This new report, “Wastewater – Turning problem to solution” urges decision makers and action takers from all regions of the world to implement the three key actions, to overcome some or all seven barriers, and to put in place all or some of the six building blocks, described in the publication.
Hi, my name is Jacob Fager. I’m stationed on Gotland and my main task is to collect urine. I used to be a soldier since I finished school 2016 but now I’m about to study to become a farmer. I grew up on my family’s farm, so it has always been in my interest. While I’m waiting on my studies to start I will be helping this interesting project and hoping I will lucky to be able to use human urine fertilizer on my future farm.
Ya Gao comes from China and previously received her Master’s degree in Environmental Technology at Wageningen University and Research in the Netherlands and her Bachelor’s degree in Environmental Sciences at Tongji University in China. After the graduation from her previous study, Ya Gao worked in a green building sustainable consultancy company in Shanghai as a project engineer for one and a half years. In May 2023, Ya Gao has joined the Kretsloppsteknik group as a PhD student working for the EU project P2Green. The main focus for her PhD study will be the urine dehydration research that aims at dehydrating the acid-stabilized human urine and recovering the nutrients contained in the urine for the use of plant fertilizers.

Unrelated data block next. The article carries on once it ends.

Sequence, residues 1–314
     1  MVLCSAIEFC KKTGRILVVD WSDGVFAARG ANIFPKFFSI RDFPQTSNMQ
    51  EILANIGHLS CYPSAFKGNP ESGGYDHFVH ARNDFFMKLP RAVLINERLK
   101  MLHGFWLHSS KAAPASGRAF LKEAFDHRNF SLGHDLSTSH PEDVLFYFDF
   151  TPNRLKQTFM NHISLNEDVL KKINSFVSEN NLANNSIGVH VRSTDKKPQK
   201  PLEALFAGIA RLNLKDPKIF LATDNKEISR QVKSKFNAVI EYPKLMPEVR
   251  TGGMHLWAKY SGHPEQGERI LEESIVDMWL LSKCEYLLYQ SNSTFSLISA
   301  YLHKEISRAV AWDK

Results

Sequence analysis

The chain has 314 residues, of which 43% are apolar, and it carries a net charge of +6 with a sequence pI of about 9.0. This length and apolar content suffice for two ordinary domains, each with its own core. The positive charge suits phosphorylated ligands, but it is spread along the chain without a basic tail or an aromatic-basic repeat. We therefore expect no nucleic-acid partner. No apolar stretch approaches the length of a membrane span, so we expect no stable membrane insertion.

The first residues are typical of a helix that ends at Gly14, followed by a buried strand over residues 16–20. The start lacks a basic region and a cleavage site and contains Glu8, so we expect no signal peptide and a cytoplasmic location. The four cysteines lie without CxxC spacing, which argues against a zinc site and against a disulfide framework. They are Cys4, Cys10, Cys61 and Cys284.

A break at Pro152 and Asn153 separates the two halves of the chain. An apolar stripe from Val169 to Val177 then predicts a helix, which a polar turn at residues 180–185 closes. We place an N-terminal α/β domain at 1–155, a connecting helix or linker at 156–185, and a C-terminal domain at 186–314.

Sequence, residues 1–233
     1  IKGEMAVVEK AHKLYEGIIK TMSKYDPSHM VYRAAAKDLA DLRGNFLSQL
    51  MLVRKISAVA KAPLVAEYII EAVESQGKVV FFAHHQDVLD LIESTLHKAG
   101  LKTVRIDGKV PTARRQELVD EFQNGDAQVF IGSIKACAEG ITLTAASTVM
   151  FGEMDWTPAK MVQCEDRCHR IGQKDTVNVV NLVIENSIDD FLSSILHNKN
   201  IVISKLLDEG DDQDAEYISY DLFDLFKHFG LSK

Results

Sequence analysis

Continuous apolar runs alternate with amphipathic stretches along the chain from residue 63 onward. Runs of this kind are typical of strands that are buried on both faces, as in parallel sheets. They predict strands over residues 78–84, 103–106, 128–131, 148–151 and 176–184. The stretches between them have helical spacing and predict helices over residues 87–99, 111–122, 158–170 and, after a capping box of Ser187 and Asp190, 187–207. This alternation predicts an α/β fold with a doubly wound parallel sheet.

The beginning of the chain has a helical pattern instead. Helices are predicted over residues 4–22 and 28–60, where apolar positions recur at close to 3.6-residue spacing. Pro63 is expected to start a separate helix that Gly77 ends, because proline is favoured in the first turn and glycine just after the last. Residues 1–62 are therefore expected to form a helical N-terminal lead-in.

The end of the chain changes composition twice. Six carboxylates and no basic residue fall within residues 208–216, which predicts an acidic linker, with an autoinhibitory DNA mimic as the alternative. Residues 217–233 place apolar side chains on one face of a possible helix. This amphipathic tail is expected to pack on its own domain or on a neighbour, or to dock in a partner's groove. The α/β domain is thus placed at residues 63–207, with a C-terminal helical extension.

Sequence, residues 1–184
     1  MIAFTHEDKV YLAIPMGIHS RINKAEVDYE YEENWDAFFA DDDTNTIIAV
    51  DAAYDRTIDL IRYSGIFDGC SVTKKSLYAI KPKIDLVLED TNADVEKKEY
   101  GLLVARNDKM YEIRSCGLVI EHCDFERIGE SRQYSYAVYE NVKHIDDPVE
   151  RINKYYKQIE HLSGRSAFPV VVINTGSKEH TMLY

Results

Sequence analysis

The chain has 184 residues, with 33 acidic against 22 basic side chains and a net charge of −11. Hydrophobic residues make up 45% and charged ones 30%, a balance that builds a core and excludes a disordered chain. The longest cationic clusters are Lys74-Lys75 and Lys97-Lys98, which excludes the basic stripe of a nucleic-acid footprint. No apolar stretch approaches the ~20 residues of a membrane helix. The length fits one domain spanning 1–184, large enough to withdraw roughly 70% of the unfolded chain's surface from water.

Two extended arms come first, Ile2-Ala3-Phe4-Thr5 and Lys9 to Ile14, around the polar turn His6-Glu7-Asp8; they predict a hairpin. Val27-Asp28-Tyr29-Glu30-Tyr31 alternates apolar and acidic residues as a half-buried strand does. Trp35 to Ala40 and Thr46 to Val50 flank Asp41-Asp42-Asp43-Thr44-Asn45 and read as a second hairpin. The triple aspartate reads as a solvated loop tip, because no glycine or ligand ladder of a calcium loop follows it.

Sanitation360 (spin-off company from our urine drying group at Kretsloppsteknik, SLU) has been awarded the Innovative Startups Step 2 by Vinnova. During 2021-2022, Sanitation360 used the funds from Step 1 to assess the market potential for manufacturing and selling the urine-drying technology in South Africa. During that time, S360 found the partners perfect partners – Scandinavian Water and Sanitation and Sanitation Ambassadors. Together, they will design, build and implement the drying system in South Africa. The generated fertilizer will also be used. The project runs from now till May 2024. Stay tuned for more up-dates.